Ellis Larkins

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Ellis Larkins
Born (1923-05-15)May 15, 1923
Origin Baltimore, Maryland, U.S.
Died September 30, 2002(2002-09-30) (aged 79)
Genres Jazz
Occupation(s) Musician
Instruments Piano
Associated acts Ella Fitzgerald, Ruby Braff, Eartha Kitt, Chris Connor, Beverly Kenney

Ellis Larkins (May 15, 1923 – September 30, 2002) was an American jazz pianist born in Baltimore, Maryland, perhaps best known for his two recordings with Ella Fitzgerald: the albums Ella Sings Gershwin (1950) and Songs in a Mellow Mood (1954).[1] He was also the leader in the first solo sides by singer Chris Connor on her album Chris (1954).

Larkins was the first African American to attend the Peabody Conservatory of Music, a well-known institute in Baltimore, he began his professional playing career in New York City after moving there to attend the Juilliard School. Following school Larkins performed jazz piano with Billy Moore and Edmond Hall, he recorded with Coleman Hawkins, Mildred Bailey, and Dicky Wells in the 1940s. In the 1950s he recorded with Ella Fitzgerald, Ruby Braff, and Beverly Kenney, his 1960s work included recordings or performances with Eartha Kitt, Joe Williams, Helen Humes, Georgia Gibbs and Harry Belafonte.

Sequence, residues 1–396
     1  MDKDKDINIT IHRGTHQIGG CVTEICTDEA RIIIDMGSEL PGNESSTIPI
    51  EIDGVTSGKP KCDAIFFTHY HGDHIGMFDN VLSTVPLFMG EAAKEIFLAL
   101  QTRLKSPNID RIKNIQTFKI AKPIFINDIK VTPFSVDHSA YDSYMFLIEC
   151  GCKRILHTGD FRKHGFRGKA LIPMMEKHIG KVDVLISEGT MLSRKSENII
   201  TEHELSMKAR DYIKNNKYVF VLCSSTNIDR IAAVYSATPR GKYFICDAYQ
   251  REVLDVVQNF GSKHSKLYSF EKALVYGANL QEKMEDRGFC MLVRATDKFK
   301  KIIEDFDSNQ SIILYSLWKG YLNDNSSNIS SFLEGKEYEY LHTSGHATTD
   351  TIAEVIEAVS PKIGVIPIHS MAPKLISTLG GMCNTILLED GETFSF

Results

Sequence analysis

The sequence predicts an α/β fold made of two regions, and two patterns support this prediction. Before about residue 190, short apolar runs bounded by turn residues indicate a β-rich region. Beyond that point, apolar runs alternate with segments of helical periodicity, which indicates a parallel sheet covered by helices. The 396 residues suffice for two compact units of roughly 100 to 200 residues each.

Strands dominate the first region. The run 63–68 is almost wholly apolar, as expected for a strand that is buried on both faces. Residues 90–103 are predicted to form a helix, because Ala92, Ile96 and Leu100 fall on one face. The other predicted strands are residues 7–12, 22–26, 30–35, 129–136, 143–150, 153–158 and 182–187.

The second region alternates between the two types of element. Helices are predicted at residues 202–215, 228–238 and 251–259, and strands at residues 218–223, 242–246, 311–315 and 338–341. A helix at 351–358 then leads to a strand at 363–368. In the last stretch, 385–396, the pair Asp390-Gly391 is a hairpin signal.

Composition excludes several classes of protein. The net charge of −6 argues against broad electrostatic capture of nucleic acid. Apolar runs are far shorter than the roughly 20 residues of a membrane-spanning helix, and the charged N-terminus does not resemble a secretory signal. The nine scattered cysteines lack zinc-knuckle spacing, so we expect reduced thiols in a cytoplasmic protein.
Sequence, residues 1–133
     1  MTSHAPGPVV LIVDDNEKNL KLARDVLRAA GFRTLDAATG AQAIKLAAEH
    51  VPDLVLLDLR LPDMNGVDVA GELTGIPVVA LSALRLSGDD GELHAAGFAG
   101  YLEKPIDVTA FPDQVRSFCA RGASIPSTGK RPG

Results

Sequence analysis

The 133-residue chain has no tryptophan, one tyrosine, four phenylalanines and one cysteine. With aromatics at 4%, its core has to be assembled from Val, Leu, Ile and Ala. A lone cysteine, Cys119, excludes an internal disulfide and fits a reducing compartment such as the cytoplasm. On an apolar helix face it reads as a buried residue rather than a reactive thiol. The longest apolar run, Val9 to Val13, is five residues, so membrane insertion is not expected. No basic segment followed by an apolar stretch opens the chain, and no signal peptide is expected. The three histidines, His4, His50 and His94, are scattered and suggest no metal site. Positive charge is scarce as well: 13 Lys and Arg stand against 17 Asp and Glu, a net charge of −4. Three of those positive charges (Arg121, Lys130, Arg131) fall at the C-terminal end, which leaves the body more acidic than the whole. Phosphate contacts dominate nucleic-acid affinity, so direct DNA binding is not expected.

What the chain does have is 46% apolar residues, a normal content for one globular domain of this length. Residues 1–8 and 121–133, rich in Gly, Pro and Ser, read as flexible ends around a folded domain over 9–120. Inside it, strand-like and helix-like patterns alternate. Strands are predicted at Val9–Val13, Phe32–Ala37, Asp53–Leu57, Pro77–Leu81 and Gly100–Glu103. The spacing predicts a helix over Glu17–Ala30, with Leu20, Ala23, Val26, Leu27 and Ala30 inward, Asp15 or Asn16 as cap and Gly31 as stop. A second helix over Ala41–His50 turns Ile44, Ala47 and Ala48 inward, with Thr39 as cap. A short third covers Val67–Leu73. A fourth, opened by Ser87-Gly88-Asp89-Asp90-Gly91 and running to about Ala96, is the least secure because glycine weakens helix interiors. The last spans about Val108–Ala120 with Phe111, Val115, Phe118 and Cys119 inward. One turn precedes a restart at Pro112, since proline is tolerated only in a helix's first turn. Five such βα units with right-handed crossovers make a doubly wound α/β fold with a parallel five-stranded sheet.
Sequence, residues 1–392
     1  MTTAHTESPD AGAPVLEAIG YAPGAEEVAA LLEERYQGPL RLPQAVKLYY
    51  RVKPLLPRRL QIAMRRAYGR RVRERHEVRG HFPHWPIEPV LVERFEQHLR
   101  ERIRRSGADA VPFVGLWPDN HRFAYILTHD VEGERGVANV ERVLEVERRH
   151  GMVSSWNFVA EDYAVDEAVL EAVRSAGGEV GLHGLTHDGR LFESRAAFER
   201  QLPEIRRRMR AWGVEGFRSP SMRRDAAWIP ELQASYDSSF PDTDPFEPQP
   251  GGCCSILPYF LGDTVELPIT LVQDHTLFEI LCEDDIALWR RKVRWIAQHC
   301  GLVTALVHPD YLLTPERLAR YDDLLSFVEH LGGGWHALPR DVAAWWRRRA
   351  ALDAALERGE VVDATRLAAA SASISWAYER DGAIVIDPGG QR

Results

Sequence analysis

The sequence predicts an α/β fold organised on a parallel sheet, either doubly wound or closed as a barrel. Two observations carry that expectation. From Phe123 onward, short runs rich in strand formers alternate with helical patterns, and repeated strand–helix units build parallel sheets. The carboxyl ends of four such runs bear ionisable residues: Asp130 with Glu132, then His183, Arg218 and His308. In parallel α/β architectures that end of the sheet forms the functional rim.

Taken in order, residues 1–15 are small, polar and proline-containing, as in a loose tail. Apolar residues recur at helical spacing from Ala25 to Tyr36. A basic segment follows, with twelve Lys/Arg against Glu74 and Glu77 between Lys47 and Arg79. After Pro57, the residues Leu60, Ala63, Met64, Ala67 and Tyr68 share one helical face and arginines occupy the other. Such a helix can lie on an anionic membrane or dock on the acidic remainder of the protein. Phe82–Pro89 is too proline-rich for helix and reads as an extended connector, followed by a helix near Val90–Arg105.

Though he was best known as an accompanist, Larkins recorded several solo albums in the 1950s; in the 1970s he performed regularly at several New York venues, including Gregory's, a small bar on the Upper East Side.

Select discography[edit]

Solo

  • Lost in the Wood (Stanyan)
  • Manhattan at Midnight (Decca, 1956)
  • Blue and Sentimental (Decca, 1958)
  • Live at Maybeck Recital Hall (Concord Jazz, 1992)

With Ruby Braff

  • Ruby Braff and Ellis Larkins: Calling Berlin, Vol. 1 (Arbors)
  • Ruby Braff and Ellis Larkins: Calling Berlin, Vol. 2 (Arbors)
  • Ruby Braff and Ellis Larkins: 2 Part Inventions in Jazz, (Vanguard/Pye)
  • Ellis Larkins & Ruby Braff: Duets Volume 1, (Vanguard)
  • Ellis Larkins & Ruby Braff: Duets Volume 2, (Vanguard)

With Ella Fitzgerald

With Sonny Stitt

With Anita Kert Ellis

  • A Legend Sings (Red Onion, 1979)

References[edit]

External links[edit]